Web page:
From ‘Moon’ to ‘Sunshine’: the 21st Century’s Best Thoughtful Sci-Fi Movies

While many of today’s big-screen offerings might appear to only offer audiences superficial, throwaway entertainment full of crash, bang, wallop, the last 20 years has also seen its fair share of thought-provoking sci-fi masterclasses. And not just those with super slick (often sexy) neon-laced cityscapes – like Blade Runner 2049 – either. Rather, there’s a small selection of standout science fiction that’s a whole lot quieter than the standard spectacle, making us stop, ponder, and consider where our future is heading. Sure, you might get thrills thrown in but the sci-fi we’re talking about is a whole lot more contemplative than it is flashy.

Of the most thoughtful sci-fi movies released in the 21st century (so far!), the following are intimate, with character relationships, emotion, and a deeper meaning at the core of their lofty narratives. Here are five modern sci-fi classics guaranteed to give you food for thought.

Sunshine (2007)

Jeepers, would you look at that.

A movie whose chances of box office success — in the UK at any rate — were ironically killed by the sunshine (2007 was a good summer in Blighty), Danny Boyle’s Sunshine stars a who’s who of international actors primarily known at the time for their roles in independent films. This isn’t surprising considering that Sunshine itself was made for a fairly modest budget of just $ 40 million. Not that you’d know it watching Cillian Murphy’s Robert Capa stare into infinity, such is the quality of the film’s effects.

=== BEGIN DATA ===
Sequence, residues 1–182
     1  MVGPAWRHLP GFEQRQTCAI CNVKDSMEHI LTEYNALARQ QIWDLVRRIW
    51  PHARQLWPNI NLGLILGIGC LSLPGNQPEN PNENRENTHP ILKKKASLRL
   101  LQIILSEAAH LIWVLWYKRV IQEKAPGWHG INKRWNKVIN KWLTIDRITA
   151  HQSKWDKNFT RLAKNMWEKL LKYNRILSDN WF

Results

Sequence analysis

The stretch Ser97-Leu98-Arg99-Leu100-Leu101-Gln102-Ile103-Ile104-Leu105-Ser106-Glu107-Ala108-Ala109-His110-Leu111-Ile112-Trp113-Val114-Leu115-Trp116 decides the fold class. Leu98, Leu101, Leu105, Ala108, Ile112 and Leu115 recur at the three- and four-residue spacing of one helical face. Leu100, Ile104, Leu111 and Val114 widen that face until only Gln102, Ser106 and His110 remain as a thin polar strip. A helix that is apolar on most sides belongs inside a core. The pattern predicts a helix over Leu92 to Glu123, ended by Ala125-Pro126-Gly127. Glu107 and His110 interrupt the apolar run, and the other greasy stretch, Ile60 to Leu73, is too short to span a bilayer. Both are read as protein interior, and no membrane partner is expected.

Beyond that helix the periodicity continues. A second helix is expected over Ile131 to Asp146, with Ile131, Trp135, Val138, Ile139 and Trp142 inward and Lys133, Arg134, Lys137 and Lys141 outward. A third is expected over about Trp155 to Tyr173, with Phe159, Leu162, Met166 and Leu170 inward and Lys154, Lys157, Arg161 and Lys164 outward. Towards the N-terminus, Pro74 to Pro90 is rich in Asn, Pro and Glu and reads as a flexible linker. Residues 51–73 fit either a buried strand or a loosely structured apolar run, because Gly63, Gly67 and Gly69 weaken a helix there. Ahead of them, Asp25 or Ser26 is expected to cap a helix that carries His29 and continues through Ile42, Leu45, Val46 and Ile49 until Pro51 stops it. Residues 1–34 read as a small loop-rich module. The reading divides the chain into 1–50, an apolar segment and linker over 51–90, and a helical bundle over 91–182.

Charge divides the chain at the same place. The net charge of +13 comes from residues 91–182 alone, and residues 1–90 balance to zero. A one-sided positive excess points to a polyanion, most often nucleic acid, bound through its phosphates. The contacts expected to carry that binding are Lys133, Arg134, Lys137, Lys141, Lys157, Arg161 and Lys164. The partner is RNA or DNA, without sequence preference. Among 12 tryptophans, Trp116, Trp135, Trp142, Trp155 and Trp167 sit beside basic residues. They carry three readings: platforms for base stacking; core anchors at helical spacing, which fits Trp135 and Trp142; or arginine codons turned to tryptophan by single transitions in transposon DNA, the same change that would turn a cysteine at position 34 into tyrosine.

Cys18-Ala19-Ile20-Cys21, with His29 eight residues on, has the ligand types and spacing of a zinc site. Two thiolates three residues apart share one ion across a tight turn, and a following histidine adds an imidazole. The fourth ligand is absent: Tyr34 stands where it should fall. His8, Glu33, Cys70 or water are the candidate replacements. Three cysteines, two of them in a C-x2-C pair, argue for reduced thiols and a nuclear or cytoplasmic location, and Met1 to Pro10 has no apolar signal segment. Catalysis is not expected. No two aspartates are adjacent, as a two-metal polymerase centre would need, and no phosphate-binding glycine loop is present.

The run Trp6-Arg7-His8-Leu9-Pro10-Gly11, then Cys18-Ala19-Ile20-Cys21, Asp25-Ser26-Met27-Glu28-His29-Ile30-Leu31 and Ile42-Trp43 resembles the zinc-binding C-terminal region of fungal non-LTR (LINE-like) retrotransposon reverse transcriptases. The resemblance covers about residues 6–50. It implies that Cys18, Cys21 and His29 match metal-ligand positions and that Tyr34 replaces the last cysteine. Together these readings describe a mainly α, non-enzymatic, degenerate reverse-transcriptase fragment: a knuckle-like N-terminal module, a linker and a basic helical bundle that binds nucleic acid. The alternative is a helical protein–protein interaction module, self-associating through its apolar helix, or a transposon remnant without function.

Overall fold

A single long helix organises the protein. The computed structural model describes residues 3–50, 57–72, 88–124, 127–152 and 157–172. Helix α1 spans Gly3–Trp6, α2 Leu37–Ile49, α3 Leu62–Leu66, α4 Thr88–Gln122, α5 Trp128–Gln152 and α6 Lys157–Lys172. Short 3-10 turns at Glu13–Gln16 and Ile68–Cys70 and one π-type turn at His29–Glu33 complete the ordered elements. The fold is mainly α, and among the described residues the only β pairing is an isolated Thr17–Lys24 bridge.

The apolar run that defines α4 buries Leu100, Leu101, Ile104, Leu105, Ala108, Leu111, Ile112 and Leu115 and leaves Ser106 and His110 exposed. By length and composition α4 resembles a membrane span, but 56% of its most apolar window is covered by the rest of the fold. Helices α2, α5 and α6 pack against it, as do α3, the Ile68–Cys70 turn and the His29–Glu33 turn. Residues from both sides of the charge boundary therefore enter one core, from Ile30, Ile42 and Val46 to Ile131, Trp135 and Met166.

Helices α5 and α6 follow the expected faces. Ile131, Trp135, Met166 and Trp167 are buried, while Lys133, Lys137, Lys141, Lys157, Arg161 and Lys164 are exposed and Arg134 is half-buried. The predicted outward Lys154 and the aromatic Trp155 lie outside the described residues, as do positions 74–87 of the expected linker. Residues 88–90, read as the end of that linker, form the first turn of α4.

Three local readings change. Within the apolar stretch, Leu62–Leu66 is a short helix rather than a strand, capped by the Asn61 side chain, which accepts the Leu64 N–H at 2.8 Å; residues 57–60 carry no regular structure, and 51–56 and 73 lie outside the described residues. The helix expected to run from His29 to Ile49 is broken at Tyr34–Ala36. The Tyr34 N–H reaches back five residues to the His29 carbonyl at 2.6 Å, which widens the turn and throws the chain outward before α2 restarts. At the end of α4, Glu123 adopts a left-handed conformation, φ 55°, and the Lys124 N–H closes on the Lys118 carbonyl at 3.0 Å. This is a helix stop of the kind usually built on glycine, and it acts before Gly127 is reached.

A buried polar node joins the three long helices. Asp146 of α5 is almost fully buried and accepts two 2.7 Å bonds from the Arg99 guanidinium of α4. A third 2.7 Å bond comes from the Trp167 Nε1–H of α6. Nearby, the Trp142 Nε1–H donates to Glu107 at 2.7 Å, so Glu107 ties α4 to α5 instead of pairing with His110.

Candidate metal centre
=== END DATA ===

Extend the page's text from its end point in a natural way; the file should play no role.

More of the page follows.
Murphy makes up just one of Icarus II’s eight space-crew members, unceremoniously tasked with reigniting the Earth’s sun using a nuclear payload. While the premise here might appear simple at first, Sunshine revels in raising the stakes, hiking up impossible odds for every crew member to overcome. Some take issue with the stark genre-shift the movie embarks on after Mark Strong’s character is introduced towards the end — but that doesn’t mean the action playing out on screen is any less intelligent.

Moon (2009)

Sam Rockwell in Moon.

When Duncan Jones’ Moon released in 2009, the director and co-writer was thought to be the next best sci-fi protégé. Turns out, he’s been struggling to match his debut ever since, but that doesn’t make his original film any less of a space odyssey worth going on. Featuring a career-defining performance from Sam Rockwell as lonely helium harvester, Sam Bell, his performance conveys the toll taken on a man who finds himself alone in space. Rockwell is the man on the moon, but it’s his humanity that makes us empathise with his solitude.

Moon is a modern sci-fi classic unafraid to spend long sequences lingering on moonscapes, taking its time to unfurl, before finally revealing its central mystery of who he is, why he’s the one chosen for the mission, and for how much longer he’ll stay content. Emotions are tugged throughout Moon’s 97 minutes, and by the end, it’s impossible not to get wrapped up in both its story and greater meaning.

Interstellar (2014)

Chris Nolan’s Interstellar is both gorgeous and deep.